Under most construction contracts, the contractor takes on the ground conditions risk. However, a recent case has demonstrated that the risk can fall on the employer.
Background of NEC contracts
NEC contracts are endorsed by the UK Cabinet Office’s Construction Clients’ Board, are recognised as supporting good practice by its Facilities Management Board, and are supported by the British Institute of Facilities Management. The Term Service Contract (TSC) is, for example, the form of contract for the Crown Commercial Services provision of total facilities management, and is the contract underlying the Department for Transport's Highways Maintenance Efficiency Programme (HMEP).
Changes to NEC contracts
Changes are being made to all of the contracts, and two new contracts are being brought into the suite: a new 'Design, Build and Operate' contract, and an 'Alliancing' form, which will be issued for consultation first. Ross Hayes, of Anthony Collins Solicitors, has been part of the drafting team for this new edition.
For many of you, it is the changes to the TSC that may be of most interest. It is extensively used for responsive repairs, highways services maintenance and facilities management (FM) contracts across the country. The changes reflect the experience gained from the considerable adoption of this contract since it was first published in June 2005. It was then only in its first edition, and its use in the last 12 years has highlighted a number of areas where clients and contractors have suggested changes.
Changes to the TSC
The first thing to say is that the NEC is not removing its support for the NEC3, and nor are we. NEC4 will be an “evolution” not a “revolution”. The new version brings in, as standard or as options, a number of enhancements which we have been adding for our clients for some time through bespoke amendments.
There are a number of changes relating to payment. The contractor is now required to provide an application for payment in advance of an assessment by the service manager. There is a new procedure for a final assessment (an “NEC final account”) shortly after the end of the contract, and an option is included for annual “final accounts”.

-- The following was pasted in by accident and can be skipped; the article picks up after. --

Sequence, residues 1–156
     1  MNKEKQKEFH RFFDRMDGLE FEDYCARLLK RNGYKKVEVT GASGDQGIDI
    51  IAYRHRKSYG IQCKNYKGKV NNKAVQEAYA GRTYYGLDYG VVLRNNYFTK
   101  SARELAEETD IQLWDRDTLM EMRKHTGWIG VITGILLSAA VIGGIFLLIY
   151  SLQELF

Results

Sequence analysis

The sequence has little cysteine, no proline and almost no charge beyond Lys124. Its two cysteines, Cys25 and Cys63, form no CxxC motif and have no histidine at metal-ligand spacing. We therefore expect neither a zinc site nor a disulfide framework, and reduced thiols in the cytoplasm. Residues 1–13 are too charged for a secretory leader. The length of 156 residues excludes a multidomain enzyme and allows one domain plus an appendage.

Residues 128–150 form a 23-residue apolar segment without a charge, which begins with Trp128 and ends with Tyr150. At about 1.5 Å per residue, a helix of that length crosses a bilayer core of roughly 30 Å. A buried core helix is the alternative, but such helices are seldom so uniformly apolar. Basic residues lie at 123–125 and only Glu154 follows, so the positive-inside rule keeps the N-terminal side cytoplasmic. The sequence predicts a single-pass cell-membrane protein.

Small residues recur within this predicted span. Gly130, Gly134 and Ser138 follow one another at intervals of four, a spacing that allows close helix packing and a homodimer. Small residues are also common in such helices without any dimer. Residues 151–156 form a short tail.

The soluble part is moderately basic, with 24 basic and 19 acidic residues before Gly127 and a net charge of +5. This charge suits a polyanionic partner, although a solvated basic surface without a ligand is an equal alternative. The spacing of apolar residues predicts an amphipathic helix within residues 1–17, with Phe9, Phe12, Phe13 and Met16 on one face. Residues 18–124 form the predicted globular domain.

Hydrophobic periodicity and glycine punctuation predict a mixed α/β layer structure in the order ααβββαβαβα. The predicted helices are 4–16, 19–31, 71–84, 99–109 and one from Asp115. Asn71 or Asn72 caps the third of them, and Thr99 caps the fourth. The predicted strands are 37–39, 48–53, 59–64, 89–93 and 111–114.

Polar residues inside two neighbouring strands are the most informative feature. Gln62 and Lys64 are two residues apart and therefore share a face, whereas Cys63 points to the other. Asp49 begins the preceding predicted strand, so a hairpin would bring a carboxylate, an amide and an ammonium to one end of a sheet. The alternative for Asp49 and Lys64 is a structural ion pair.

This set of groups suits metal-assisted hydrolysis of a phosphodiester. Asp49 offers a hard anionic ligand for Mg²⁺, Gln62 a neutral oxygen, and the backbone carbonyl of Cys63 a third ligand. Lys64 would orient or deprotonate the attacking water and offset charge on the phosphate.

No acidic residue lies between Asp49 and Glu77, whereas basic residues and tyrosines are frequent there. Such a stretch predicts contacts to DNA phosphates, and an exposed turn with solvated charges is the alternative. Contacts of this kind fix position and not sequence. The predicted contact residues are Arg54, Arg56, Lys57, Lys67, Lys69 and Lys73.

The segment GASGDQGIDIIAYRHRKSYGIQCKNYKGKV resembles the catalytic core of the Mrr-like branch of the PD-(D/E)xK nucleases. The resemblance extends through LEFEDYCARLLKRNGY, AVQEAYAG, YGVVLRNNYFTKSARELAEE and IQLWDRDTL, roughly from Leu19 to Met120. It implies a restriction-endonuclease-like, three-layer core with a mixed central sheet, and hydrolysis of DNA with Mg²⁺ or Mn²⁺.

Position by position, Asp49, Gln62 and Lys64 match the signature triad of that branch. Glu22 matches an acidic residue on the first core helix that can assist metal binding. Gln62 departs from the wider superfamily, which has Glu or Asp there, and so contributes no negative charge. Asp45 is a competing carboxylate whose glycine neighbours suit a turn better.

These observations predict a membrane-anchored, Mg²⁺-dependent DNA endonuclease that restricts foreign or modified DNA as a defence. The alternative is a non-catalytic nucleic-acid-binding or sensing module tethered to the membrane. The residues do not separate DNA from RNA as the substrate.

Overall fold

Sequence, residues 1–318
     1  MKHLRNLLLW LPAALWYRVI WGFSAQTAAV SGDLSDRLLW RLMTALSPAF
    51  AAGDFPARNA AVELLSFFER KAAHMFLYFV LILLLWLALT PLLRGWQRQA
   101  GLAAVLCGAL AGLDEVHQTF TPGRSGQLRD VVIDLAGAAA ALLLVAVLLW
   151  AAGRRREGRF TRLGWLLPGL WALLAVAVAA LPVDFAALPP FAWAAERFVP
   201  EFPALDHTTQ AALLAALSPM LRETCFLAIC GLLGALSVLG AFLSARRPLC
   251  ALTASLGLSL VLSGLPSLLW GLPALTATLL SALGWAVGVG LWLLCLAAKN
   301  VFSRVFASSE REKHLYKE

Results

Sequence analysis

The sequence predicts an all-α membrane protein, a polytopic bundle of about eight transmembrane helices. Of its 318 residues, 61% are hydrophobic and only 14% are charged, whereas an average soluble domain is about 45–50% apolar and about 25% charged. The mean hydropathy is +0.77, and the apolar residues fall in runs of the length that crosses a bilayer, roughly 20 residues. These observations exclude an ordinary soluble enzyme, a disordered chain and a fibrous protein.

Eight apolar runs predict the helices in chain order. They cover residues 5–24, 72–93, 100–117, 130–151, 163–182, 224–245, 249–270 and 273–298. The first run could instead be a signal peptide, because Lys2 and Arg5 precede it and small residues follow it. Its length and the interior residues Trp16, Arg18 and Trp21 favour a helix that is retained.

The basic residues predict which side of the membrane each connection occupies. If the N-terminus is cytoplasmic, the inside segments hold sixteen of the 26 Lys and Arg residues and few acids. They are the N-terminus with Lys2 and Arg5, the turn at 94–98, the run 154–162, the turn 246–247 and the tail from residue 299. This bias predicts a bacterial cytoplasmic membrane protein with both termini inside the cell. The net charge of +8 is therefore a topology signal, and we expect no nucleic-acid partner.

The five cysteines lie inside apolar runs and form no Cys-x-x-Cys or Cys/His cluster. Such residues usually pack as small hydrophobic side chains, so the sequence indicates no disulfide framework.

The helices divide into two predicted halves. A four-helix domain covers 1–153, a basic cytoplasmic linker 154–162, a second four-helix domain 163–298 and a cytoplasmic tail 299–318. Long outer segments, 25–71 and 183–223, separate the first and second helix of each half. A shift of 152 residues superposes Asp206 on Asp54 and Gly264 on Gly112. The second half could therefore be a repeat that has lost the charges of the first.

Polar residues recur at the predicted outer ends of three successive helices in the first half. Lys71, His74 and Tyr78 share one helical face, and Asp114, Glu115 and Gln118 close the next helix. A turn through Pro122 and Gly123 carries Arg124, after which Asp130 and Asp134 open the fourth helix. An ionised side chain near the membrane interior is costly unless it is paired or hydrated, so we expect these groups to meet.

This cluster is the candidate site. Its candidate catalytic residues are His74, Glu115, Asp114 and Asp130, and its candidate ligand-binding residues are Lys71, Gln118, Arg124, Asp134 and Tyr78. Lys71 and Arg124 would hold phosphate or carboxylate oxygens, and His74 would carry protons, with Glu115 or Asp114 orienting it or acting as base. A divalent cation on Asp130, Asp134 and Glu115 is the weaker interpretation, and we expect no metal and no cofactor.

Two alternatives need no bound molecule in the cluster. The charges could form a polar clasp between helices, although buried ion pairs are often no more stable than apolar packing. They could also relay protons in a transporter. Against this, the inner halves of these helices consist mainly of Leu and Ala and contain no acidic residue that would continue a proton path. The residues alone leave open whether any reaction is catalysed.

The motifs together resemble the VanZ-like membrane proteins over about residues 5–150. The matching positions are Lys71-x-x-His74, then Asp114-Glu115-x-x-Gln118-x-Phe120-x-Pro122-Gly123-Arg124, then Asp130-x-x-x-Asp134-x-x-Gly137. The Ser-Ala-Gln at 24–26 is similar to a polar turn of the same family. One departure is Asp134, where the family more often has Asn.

The new contract includes anti-bribery and corruption, and confidentiality clauses. The definition of actual cost used to calculate the cost of change in all contracts, and the payments in target cost contracts, has been significantly enhanced.
Another major addition to note is the addition of a “deemed to accept” clause for programmes and plans. There has been considerable concern that there was no sanction if the service manager did not accept or reject a programme or plan submitted for acceptance. Now, however, a failure to respond at all will mean that the plan or programme is treated as accepted, so it is important for service managers to respond within the contractual time periods.
Finally, there are a few changes in terminology, such as a change from “employer” to “client”. There is also a welcome change to gender neutral language.
Similar changes are included, where appropriate, in all the other contracts. As before, there is a consistency across the whole suite.
The NEC4 contracts will also reflect new construction developments such as the ability to include early contractor involvement (ECI) and building information modelling (BIM) in the Engineering and Construction Contract.
How does this affect you now?
Contracts let under the NEC3 will not be affected. Clients used to the NEC3 may choose to continue to use it for some time, especially if they have framework contracts in place or template forms set up. Clients using the NEC for the first time would be well advised to consider the new NEC4, especially for the TSC. In the short term, before the new form is published, clients will need to decide whether or not to adopt the NEC3 or wait for the NEC4. This will depend on whether the procurement timetable can be lengthened.
For further information
For advice on NEC contracts please contact Ross Hayes or Andrew Millross.
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